The eighth big league season of the modern era began amidst joy, hoopla, and cold, damp weather. After enduring sixty-nine weather‐ related postponements in 1907, owners were understandably concerned about foul weather. But in the days before domed stadia and teams in mild-weather southern and western cities, early-season baseball confined to the northeast quadrant of the United States was more often than not played under less than optimal conditions. The weather was a concern, but fans turned out in numbers because it was opening day, a ritual observance of the eternal optimism of the baseball fan facing a new season.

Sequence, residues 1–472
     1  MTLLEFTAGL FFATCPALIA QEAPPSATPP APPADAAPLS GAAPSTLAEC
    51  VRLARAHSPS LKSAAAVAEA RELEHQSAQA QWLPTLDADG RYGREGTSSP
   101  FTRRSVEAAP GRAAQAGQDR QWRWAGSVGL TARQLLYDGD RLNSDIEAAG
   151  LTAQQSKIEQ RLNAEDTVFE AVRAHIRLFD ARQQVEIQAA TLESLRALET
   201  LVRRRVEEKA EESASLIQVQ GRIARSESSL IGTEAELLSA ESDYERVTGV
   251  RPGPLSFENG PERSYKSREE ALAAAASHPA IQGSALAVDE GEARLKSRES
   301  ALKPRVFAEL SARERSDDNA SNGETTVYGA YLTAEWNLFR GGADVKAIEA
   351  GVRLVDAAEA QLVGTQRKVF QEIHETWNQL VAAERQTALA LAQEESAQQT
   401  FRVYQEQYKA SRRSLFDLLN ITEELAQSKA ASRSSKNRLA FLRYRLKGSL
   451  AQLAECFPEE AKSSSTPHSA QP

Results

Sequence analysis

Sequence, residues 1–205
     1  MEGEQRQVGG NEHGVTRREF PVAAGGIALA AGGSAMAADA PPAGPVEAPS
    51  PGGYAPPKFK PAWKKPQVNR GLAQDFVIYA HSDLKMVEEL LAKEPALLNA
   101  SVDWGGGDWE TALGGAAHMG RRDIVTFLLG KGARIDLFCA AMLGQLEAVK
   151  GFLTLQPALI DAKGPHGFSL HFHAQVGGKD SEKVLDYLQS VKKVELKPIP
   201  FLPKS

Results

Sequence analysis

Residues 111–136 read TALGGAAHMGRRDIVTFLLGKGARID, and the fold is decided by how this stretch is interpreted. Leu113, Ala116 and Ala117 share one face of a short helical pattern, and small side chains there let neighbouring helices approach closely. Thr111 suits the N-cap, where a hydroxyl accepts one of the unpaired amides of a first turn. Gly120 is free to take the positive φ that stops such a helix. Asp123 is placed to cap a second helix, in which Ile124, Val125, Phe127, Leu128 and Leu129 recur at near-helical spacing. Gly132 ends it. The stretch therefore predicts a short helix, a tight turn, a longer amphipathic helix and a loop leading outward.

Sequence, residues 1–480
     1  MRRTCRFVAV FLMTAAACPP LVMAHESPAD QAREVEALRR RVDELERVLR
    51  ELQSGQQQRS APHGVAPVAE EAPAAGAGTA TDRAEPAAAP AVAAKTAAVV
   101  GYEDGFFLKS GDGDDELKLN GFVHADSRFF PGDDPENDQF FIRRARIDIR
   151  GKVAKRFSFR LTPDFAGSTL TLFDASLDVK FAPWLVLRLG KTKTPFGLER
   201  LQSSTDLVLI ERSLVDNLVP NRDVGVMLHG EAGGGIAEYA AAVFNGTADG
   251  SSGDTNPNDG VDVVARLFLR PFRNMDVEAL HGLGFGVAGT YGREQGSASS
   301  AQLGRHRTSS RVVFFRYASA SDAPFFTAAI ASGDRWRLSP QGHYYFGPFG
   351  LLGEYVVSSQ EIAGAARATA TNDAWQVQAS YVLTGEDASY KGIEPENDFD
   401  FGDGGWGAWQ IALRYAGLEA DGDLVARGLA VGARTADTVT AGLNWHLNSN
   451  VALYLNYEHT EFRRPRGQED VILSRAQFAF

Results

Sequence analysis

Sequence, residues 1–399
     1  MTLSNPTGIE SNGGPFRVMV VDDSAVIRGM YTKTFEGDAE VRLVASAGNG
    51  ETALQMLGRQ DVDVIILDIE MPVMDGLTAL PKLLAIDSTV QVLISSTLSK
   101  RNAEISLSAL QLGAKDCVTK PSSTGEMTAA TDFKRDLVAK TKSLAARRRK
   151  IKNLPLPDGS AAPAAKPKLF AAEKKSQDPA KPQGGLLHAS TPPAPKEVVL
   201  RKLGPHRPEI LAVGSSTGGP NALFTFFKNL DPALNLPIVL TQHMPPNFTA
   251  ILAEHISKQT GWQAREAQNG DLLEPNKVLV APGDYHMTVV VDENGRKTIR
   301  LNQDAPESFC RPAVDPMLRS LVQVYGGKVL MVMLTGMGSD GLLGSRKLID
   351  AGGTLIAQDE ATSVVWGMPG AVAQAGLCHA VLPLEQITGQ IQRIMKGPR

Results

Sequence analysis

Opening day also marked a renewal of efforts to clean up the game and eliminate rowdyism. Boston Red Sox President John I. Taylor expressed deep concern over foul language used by players and urged American League President Ban Johnson to take action or at least condemn the practice. 1 Intentionally, and it must be added, ironically, the Cubs posted this sign in the dugouts of West Side Grounds: "Please Use No Profane Language." 2 In Chicago such restrictions lasted only as long as each bench was pleased with the umpires and their calls or until McGraw and his Giants came to town.
The 1908 season opened on April 14, 1908, in New York, Chicago, Boston, and Philadelphia in the American League, while the National